Discover Our Shared Heritage Travel Itinerary
American Latino Heritage
San Diego Presidio
San Diego, California
On July 1, 1769, the first European settlement on the Californian coast was established as a small, struggling Spanish colony. On this day, Governor Don Gaspar de Portola officially claimed “Alta California” as Spanish territory, and Father Junípero Serra arrived to establish what would become the first of 21 Spanish missions in the region (Mission San Diego de Alcalá). The San Diego Presidio, which was built to protect the original colonists from American Indian attack, became the military headquarters for continued Spanish exploration of the interior lands, and throughout Northern California. As the first of four presidios Spain eventually constructed in the region, it would remain a critical seat of military power throughout Spanish and Mexican rule of the territory. Spain’s second and third Californian presidios are also featured in this itinerary and can be found here: Monterey and San Francisco.
Today the San Diego Presidio, a National Historic Landmark, remains a testament to California’s Spanish and Mexican foundations, and a reminder of the early struggles and victories associated with colonization. The presidio and its colony of San Diego were the birthplace of European control over the west coast. Set within Presidio Park, the San Diego Presidio is one of the city’s most beautiful and historic sites. The Junípero Serra Museum interprets the site for visitors, and it continues to be both an active archeological site and a popular tourist attraction.
Nearly 300 Spanish colonists set out with Father Junípero Serra on an expedition to bring Christianity to the native people of Alta California. On July 1st, 1769, only 126 of the party remained and arrived at the banks of the San Diego Bay. Spanish Governor Don Caspar de Portola, who accompanied the group, officially claimed the land of Upper California for Spain and within two weeks, Father Serra had established the first Spanish mission in the new territory.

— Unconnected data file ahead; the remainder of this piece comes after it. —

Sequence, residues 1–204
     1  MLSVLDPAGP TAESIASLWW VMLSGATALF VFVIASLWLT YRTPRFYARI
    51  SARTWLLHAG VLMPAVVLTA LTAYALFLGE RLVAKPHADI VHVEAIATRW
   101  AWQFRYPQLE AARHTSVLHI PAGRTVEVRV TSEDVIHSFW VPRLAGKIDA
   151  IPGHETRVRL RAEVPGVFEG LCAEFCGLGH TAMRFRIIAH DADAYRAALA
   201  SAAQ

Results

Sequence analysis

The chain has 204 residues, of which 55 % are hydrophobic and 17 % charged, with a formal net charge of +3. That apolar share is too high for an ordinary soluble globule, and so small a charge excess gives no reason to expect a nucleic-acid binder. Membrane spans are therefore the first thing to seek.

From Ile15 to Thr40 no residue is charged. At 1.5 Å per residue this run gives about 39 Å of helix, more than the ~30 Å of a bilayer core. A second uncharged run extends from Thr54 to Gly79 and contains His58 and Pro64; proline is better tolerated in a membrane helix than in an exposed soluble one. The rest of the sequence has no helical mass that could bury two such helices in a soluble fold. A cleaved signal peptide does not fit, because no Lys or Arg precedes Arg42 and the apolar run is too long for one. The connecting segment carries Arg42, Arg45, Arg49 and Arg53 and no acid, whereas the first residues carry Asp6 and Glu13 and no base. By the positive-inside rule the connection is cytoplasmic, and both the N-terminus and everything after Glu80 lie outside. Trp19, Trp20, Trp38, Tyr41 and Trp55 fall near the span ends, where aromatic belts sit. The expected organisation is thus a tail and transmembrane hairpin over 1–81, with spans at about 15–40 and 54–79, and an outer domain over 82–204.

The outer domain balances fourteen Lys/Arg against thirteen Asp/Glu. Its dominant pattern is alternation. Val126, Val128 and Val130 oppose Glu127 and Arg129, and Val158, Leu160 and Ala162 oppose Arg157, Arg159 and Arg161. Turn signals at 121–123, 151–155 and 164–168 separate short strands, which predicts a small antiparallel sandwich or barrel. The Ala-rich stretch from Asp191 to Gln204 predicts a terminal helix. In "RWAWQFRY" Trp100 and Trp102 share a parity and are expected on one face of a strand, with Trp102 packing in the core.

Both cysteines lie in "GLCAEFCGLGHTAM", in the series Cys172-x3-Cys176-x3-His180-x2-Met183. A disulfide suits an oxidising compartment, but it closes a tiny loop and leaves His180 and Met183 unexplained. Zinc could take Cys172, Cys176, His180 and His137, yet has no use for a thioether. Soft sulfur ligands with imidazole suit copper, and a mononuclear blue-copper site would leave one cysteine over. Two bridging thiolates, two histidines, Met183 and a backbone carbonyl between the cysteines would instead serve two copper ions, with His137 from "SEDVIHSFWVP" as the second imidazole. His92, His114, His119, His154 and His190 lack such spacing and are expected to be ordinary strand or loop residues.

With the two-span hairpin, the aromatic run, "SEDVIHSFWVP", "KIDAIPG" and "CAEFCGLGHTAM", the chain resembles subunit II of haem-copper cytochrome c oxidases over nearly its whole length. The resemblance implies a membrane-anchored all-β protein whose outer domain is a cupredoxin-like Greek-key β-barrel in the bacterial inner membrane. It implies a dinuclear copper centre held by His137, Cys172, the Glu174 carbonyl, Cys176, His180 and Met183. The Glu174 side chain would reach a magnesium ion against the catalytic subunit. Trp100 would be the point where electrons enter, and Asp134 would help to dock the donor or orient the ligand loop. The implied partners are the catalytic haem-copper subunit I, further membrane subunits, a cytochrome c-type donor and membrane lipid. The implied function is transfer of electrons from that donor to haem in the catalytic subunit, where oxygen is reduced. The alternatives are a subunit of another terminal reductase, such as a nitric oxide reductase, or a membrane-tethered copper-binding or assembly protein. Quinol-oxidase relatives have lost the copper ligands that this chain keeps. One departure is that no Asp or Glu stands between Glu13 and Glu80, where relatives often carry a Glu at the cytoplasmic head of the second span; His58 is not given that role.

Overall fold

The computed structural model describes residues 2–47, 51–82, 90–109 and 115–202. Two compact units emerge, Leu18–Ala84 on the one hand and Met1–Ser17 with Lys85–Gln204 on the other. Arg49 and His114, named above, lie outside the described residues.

The small group of colonists was vastly outnumbered by Native Americans in the area – 5,000-some tribes-people who were not universally accepting of the new European presence on their land. In August of 1769, a destructive native attack and the threat of future conflict forced the Spaniards to erect a crude stockade on Presidio Hill. Completed in 1770, the presidio protected the mission and the colony, and further represented a permanent Spanish presence on the bay. The original presidio was simply made and constructed entirely of wood. The fenced stockade included two bronze cannon and rough wooden houses with tule roofs. A central square contained the commandant’s residence, the chapel, a cemetery and various storehouses. Officers’ and soldiers’ quarters ringed two sides of the square. All told, about 100 people lived in the original presidio compound proper.
While the new presidio served to protect the colonists, its construction also drained the community of its resources. By January 1770, the settlement was at the point of near starvation. Its abandonment or demise seemed imminent. On March 19, a Mexican supply ship sailed into San Diego Bay and saved the colony from certain ruin.
In 1774, Father Serra moved his mission to a new site, six miles to the northeast (the San Diego Mission Church is also featured in this travel itinerary). This solidified the presidio as a predominantly military complex. Over the next years, the primitive San Diego Presidio was transformed into the center of Spanish exploration and military operations throughout California.